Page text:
Wednesday, April 16, 2008

A Cheese Experiment

When I was very little, I remember sliced apple with cheddar, cream cheese spread on graham crackers, and meat-and-cheese platters on New Year's Eve. I remember a child's salad plate made up like a doll head: a canned pear half head with dried fruit facial features and shredded cheddar hair. And of course there are those Italian favorites: lasagne, stuffed manicotti, cannoli and the ever-present mozzarella-laden pizzas produced on every streetcorner in my hometown.

Clearly cheese has been an prominent player in my life.

I never considered making cheese at home. Then I saw Alton Brown talk about making cottage cheese. Then I joined Great Cook's Community, where some members discussed home cheesemaking. So I gave it a little thought, and I borrowed a book from the library.

Making Great Cheese at Home by Barbara Ciletti is a great tutorial for the beginner, and a few recipes that don't require any specialized equipment, or ingredients.



Just what I was looking for.

I decided that my first attempt would be Queso Blanco--a very simple recipe. However, instead of making the full recipe for my first try, I cut it in 4--from a gallon to a quart of milk. Here's what I did.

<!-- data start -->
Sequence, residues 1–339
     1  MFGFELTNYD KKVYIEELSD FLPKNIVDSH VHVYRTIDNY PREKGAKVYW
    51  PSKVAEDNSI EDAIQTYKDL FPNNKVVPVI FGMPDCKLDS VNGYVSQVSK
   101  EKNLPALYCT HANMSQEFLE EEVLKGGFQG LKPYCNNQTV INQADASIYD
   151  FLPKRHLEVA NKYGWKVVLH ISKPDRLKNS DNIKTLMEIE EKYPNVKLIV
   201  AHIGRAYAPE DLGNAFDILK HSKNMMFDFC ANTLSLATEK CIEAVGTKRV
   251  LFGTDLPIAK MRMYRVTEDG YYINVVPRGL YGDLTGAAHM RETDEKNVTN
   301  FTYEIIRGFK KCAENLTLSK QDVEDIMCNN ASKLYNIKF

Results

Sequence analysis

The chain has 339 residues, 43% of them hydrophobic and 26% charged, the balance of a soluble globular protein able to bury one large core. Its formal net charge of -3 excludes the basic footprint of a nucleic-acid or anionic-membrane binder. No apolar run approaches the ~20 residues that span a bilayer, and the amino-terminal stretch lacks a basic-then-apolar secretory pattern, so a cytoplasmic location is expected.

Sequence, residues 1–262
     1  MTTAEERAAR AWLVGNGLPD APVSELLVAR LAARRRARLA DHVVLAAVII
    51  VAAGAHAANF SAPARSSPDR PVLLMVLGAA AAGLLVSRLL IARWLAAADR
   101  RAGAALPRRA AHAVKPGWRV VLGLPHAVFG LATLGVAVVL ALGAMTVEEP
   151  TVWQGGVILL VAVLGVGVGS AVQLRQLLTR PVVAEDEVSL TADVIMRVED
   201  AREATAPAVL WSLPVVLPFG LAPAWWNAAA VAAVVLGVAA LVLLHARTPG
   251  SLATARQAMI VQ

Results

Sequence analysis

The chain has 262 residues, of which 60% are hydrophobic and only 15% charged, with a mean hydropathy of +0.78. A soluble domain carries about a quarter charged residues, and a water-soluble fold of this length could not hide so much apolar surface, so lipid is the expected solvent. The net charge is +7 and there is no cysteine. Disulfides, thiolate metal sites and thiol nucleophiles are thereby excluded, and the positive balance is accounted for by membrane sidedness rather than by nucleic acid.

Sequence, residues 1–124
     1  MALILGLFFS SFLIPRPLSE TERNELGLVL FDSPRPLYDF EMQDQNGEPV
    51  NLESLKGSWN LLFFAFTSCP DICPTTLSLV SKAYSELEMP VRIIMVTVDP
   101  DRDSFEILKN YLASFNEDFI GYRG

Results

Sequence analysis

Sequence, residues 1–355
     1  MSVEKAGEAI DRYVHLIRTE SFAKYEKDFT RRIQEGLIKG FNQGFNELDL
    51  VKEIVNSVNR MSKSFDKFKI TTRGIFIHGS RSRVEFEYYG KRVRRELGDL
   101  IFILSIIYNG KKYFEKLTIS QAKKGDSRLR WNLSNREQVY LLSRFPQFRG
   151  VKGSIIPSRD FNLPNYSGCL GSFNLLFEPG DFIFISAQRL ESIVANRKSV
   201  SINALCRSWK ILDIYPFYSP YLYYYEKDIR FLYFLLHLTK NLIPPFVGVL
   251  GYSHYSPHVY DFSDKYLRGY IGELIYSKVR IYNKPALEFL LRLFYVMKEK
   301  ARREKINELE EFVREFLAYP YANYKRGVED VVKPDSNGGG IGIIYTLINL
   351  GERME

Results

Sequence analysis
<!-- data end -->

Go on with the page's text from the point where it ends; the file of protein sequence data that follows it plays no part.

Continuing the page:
First, I borrowed a candy thermometer. I bought and hand-washed a new, undyed cotton tea towel (from the dollar store). Then I placed a colander in a large stainless bowl, put my new tea towel inside, then sprayed the interior with canola spray.


In a regular pot with the candy thermometer clipped to the side, I warmed 1 quart of organic, ultra-pasteurized whole milk over medium-low heat, slowly raising the temperature of the milk to 175*F, stirring frequently.


The stirring is important, and I did see bits of skin forming at the top of the milk. I just stirred them back in. I'm not sure if that was correct--the recipe did not address the milk 'skin.'


After holding the milk at 175*F for about 10 minutes (still stirring regularly), I slowly stirred in 3 teaspoons of distilled white vinegar. Very few curds formed, even after a good five minutes of stirring. So I added another 3 teaspoons of vinegar and it was like instant magic. The curds came together quickly then.